The deadline has been extended to comment on the first draft of the water impairment investigation report for Quivira National Wildlife Refuge.

The extension, now set for May 13, was announced Friday in response to a request from Lynn Preheim, the managing partner of the Wichita office of the Stinson, Leonard and Street law firm.

The latest extension now means the comment period for the impairment complaint report stands at 154 days. The comment period started at 60 days but has been extended multiple times.

In announcing the extension, the Division of Water Resources didn’t indicate who Preheim represents. The agency also didn’t indicate when he made the extension request or why.

After the May 13 deadline has passed, provided it’s not extended once again, DWR will begin work on incorporating comments as they prepare a second draft.

That second draft is scheduled to be released to the public May 30, with a second comment period set to expire July 1.

The final draft of the impairment report is slated to be completed by July 15.

Since the late 1980s, the U.S. Fish and Wildlife Service has been expressing concerns about the diminished flows in the Rattlesnake Creek, which runs into the Stafford County wetlands.

But after years of trying to work with stakeholders to find solutions, the service in April 2013 filed impairment with the Kansas Department of Agriculture. Its 1957 water right is senior to roughly 95 percent of the basin’s water users.

“We’re not receiving the water based on the seasonal needs of wildlife and habitat,” Mike Oldham, Quivira’s manager said in January

Quivira’s present certified water permit allows up to 14,600 acre feet of water to be diverted, according to the impairment letter filed in April 2013. Over the years, the Rattlesnake Creek stream flow has declined – largely due to overappropriation of the district, according to the letter.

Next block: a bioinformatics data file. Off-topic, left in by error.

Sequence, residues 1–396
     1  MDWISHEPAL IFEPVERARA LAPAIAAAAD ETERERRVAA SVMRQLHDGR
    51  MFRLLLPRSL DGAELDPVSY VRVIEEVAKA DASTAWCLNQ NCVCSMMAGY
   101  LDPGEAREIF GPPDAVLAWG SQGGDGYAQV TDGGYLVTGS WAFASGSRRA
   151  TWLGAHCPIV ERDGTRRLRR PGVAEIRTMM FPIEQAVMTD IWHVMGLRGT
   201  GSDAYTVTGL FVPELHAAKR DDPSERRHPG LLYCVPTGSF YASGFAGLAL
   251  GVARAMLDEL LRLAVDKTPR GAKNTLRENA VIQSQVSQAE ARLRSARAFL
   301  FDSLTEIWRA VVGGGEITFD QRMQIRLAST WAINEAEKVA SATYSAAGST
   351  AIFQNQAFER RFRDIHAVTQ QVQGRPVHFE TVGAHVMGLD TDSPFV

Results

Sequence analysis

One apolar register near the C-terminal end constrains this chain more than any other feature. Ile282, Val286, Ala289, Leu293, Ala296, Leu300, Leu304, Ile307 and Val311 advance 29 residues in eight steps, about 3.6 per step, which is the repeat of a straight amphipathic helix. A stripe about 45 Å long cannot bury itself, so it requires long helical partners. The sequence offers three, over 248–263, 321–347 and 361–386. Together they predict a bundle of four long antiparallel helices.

Quivira, meanwhile, still depends on water – especially at different times of the year to grow food, cover resources and provide wetland water – and this overlaps with agricultural needs.

The state ag department’s Division of Water Resources has been investigating the impairment claim since 2013 and, in December, published its initial findings.

Quivira covers 22,135 acres, largely in Stafford County. Roughly 6,000 acres is wetlands, which support hundreds of species of wildlife, many of which are on the federal endangered species list.

The entire impairment file is available online. It includes Quivira’s original 1957 permit application, emails back and forth from DWR staff and FWS, reports and letters from the past 50 years, as well the the impairment letter. DWR Chief David Barfield’s impairment report is also on the department website.

The findings indicate junior water right pumping impairs Quivira by between 3,000 and 5,000 acre feet a year – depending on the year and season

At a Dec. 2 public meeting in St. John in Stafford County, Barfield and Agriculture Secretary Jackie McClaskey suggested junior water rights holders and Quivira sit down and work on compromise solutions.

Barfield hopes to receive a report on a tentative remedy in August.

No administration of water rights is planned for this year.

Mike Corn is a veteran ag reporter for The Hays Daily News. Kansas Agland Editor Amy Bickel contributed to this story.